Downtown Sees Crime Drop | KCET
Downtown Sees Crime Drop
Crime in downtown L.A. continues to drop--a little--from its 2006 highs, and greater cooperation with downtown business improvement districts and greater police emphasis on minor "quality of life" enforcement are credited with helping.
Los Angeles Downtown News has more details:
When it comes to Downtown crime, 2007 was the year everything changed. Under the Safer Cities Initiative, which deployed 50 extra cops to Skid Row, annual crime in Central Division plummeted 30%. In 2008, Downtown saw a slight jump in overall crime...
Now, there is a reversal of last year's reversal, and although the Downtown Los Angeles population has grown, the area is on pace to record another significant drop. As of Nov. 14, Central had tabulated 3,221 violent and property crimes, a 7.8% decrease from the same period last year. The number also represents a roughly 3% year-to-date drop from 2007 levels....
Beyond the improved community partnerships and better communication -- [Capt. Blake] Chow also emails a weekly crime update to more than 200 individuals and organizations -- Central [Division] has been even more proactive enforcing low-level crimes such as drinking in public and aggressive panhandling. The focus on so-called "quality of life" crimes is meant to prevent more serious incidents that can stem from minor offenses, Chow said....
Lately, Skid Row cops have put a renewed focus on enforcing public drunkenness laws, as those arrests are up 57%, from 738 last year at this time to 1,160 so far in 2009. There has been a similar crackdown on other quality of life crimes. Prostitution arrests are up 700%, from 4 to 32, and liquor law arrests, including violations by stores selling alcohol to intoxicated customers, are up 228%, from 43 to 141.....While the effort has been largely praised by businesses and many social service providers, it also provoked rabid criticism from civil rights advocates, most prominently the Los Angeles Community Action Network.
Beyond the specific efforts of LAPD's Central downtown, crime figures nationally are going down, even in our economic hard times. See this New York Times report:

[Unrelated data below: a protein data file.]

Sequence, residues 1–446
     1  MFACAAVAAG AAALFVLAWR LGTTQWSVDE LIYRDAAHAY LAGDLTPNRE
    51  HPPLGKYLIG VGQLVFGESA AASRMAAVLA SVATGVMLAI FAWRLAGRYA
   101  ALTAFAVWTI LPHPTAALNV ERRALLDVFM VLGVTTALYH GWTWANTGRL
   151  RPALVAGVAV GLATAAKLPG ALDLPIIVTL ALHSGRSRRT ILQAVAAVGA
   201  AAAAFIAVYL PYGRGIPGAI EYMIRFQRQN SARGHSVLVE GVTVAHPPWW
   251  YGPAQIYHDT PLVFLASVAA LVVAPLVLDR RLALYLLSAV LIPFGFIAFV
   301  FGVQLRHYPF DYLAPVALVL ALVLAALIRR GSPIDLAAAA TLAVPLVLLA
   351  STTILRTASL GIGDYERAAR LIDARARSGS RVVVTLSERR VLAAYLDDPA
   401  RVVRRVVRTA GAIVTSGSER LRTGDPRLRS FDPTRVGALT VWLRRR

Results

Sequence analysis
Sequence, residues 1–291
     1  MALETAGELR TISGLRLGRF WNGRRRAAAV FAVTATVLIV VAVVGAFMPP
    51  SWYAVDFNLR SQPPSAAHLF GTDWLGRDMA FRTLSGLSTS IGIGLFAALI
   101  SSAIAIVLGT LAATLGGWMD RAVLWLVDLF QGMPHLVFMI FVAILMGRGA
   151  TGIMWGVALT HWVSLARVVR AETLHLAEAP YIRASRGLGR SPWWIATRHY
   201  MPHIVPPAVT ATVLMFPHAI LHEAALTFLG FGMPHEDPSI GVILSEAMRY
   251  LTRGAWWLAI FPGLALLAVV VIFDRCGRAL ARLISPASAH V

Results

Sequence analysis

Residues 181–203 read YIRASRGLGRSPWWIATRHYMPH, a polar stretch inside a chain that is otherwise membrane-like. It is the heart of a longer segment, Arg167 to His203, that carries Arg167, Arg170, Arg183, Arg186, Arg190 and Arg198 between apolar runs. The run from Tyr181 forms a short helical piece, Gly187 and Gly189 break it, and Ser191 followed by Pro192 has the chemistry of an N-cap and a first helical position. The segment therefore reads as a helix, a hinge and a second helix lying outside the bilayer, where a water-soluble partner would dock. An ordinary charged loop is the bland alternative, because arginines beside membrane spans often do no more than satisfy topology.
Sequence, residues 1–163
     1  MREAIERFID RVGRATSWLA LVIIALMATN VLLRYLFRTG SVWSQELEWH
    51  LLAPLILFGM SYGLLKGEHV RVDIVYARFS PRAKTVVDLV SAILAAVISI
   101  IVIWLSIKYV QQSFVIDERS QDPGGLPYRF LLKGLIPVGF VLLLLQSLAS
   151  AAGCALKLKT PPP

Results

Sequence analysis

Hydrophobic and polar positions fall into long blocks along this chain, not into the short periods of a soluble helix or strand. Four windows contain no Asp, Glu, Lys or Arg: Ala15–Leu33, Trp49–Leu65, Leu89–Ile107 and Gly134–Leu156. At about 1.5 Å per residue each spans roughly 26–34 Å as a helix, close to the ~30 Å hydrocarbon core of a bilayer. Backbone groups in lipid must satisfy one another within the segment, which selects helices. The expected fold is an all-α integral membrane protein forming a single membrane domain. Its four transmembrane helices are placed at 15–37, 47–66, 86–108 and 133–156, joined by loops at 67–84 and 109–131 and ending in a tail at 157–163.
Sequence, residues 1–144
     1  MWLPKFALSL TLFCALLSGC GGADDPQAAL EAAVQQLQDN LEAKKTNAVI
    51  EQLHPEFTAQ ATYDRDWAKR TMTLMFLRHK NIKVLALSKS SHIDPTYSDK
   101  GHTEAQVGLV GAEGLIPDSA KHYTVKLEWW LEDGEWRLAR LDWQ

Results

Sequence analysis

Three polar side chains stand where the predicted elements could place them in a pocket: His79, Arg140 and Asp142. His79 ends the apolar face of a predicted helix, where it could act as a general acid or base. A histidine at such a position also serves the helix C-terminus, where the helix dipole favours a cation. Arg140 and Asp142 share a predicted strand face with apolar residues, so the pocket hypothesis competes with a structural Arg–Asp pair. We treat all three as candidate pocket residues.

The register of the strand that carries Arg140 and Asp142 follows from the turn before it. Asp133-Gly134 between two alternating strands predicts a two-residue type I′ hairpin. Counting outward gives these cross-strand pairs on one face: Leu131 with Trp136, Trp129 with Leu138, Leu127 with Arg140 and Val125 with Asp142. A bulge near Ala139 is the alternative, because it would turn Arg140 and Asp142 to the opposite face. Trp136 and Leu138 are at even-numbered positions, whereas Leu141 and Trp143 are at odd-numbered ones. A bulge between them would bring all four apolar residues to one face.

Preliminary statistics from the Uniform Crime Report, the Federal Bureau of Investigation's annual compilation of crime reports from local and state police agencies, showed that murders declined by 4.4 percent in 2008, rapes declined 2.2 percent, robberies declined 1.1 percent and assaults dropped 3.2 percent.
Property crimes were also down over all. Burglaries increased 1.3 percent, but motor vehicle theft dropped by 13 percent and arson declined 3.9 percent.
Past City of Angles reporting on overall L.A. crime rates, which seem to be going down even more than in downtown.
Here are a few programs and articles we recommend to help center your Thanksgiving celebration on honoring and amplifying Native stories, seeking truth about our history, and acknowledging Indigenous presence and wisdom.
Here’s where to find five of L.A.’s most scenic bridge crossings — and why they’re fascinating destinations in their own right.
Children whose educations have been disrupted by the pandemic may suffer life-long consequences, including shorter life spans, according to a study released today by the UCLA Fielding School of Public Health.
Many artists find work has dried up due to COVID-19, but it doesn’t mean you have to stop working entirely. Several artists and people who work with artists share their best tips on things to do when work is slow.
- 1 of 398
- next ›